Leader fatigue nothing new, and neither is voting angry

Trevor's Take

Trevor Hutchinson headshot

By Trevor Hutchinson

A graduate of the University of Toronto, Trevor Hutchinson is a songwriter, writer and bookkeeper. He serves as Contributing Editor at The Lindsay Advocate. He lives with his fiancee and their five kids in Lindsay.

Former Prime Minister Pierre Trudeau, pictured in 1975. As a teenager, Contributing Editor Trevor Hutchinson told everyone in the public school yard how amazing the former Prime Minister was. Over the years, he has voted in different directions, and admits that he has sometimes regretted "voting angry."

I am a lifelong political junkie, thanks in large part to my dad (who has always been involved and interested in politics) and my Grade 8 teacher in Fenelon Falls, Bruce Butterworth, who nurtured in me a lifelong passion for both politics and history.

One day in early 1980, I was in my public school yard shouting how Pierre Trudeau was amazing and how the Liberals were going to win the election (they did). By the time I made it to lunch at the staff table at the Fenelon LCBO (where my dad worked), he asked, “What’s this I hear about you liking Trudeau?”

Communication was local. There was no internet, but word got around, fast. Politics, though partisan, had a measure of civility. Chinese and Russian social media bots, designed to divide us, were not yet a thing. The rich weren’t yet uber rich so their influence, while important, was not as amplified as today.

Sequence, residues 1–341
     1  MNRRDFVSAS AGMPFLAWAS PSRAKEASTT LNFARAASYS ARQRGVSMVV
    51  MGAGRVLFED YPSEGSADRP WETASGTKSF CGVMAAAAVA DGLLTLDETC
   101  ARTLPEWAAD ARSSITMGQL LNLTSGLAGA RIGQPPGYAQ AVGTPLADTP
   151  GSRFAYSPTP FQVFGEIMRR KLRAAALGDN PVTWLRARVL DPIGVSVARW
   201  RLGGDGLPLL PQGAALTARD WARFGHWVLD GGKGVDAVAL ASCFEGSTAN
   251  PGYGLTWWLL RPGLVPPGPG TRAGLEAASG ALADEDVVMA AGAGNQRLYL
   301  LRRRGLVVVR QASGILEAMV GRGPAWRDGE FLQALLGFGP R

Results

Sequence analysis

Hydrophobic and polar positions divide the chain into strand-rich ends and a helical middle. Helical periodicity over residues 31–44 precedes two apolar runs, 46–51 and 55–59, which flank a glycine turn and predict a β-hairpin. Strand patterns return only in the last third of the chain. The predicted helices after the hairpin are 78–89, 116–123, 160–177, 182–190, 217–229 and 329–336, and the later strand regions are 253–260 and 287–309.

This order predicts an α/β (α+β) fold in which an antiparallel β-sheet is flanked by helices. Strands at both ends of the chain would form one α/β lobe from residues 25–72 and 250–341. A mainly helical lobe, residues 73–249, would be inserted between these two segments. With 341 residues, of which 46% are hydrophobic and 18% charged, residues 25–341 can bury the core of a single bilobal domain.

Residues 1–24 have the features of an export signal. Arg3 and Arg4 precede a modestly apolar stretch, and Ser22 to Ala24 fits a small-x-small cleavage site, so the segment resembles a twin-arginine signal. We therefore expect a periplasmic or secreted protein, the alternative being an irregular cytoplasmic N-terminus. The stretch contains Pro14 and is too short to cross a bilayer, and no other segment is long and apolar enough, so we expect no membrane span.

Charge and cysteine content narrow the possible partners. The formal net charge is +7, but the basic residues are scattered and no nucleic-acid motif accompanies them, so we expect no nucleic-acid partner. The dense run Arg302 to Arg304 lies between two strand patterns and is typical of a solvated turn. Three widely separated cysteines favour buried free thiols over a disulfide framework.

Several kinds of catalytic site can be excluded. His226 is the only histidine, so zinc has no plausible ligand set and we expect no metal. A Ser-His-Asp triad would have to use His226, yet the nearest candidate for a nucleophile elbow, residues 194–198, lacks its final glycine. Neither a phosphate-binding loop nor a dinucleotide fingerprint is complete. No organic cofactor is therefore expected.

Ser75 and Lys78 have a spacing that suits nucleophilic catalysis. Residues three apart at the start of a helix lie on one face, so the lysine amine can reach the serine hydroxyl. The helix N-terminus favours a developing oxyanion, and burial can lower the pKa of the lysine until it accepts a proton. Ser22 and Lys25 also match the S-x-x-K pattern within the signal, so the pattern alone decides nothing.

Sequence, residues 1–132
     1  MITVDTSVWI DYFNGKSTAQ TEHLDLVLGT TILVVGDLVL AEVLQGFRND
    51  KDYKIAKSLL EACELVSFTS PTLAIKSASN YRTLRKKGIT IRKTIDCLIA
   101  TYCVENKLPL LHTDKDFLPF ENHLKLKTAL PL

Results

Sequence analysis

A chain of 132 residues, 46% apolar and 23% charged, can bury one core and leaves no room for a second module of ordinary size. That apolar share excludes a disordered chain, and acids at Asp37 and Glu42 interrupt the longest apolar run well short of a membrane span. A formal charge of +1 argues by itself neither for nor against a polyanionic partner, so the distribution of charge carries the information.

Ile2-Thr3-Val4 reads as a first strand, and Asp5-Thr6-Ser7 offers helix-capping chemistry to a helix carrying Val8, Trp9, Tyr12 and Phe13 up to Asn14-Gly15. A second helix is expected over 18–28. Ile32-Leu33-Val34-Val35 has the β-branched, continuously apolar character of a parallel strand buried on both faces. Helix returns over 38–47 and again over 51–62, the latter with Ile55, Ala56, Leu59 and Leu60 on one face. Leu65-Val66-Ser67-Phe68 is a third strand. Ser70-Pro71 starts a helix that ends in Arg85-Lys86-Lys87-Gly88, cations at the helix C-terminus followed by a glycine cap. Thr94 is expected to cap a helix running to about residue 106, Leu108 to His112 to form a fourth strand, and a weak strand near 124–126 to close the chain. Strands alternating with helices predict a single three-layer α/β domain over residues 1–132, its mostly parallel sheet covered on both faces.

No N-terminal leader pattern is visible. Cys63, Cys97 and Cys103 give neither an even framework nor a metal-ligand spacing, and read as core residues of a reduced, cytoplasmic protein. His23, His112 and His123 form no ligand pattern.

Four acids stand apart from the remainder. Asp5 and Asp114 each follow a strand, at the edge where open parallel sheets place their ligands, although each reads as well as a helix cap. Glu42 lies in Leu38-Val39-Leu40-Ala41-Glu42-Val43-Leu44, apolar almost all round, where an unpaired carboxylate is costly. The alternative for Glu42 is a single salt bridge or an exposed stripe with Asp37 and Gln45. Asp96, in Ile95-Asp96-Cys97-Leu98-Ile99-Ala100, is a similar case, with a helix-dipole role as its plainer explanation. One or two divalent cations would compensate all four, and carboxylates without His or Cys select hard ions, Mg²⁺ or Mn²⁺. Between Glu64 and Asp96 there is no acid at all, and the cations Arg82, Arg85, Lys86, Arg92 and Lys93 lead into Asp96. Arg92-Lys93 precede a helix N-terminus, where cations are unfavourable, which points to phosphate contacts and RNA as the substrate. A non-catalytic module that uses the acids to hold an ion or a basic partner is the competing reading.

Jump ahead four years and I am in the Canadian Armed Forces and about to vote in my first federal election at the tender age of 17. As a regular member of the forces I was entitled to vote, despite a few weeks away from the legal voting age. My idiot commanding officer marched my platoon to the polling station. While keeping us at formation attention, he explained how the Conservatives “support the military” before we were sent to the polling station.

A year previous, I had been a vice president of the local Young Progressive Conservative Club. It was local MP Bill Scott’s second last election. He knew my family. As a young kid enthralled with politics, he was my local rock star. The result would be a tap-in anyway: Bill, as everyone called him, had been MP since 1968. It was also the year of Mulroney’s first sweep that saw the governing Liberals lose 95 seats and the PCs (may they rest in peace) gain 111 seats.

Angry at my CO and the democratic abuse I had witnessed, I voted NDP. I let my emotions overrule my (nascent) understanding of policy. I voted angry and have regretted it ever since.

Flash forward to now and voting angry is a worldwide phenomenon. There are only a handful of world leaders who have a positive approval rating. Inflation, income inquiry and post-COVID issues are seen globally as the biggest factors. Add paid-actors at the state and corporate level, thanks to sophisticated social media algorithms, and leader-fatigue is just so much uglier now.

Eight years after my first vote, Mulroney’s party would get only two seats. Leader fatigue has always been a thing.

So sorry all you ‘F Trudeau’ folks: While a bunch of Canadians are dissatisfied or just bored, your performative anger is probably just a political version of the “Macarena.” It’s popular now. But this too shall pass.

1 Comment

  1. Mark says:

    One thing i love about being canadian..how i, as a citizen, am constantly polled (never) and told how i feel, how good i have it, how lucky i am…. by those who are the “all knowing”. I wonder why they just never come out and ask us?

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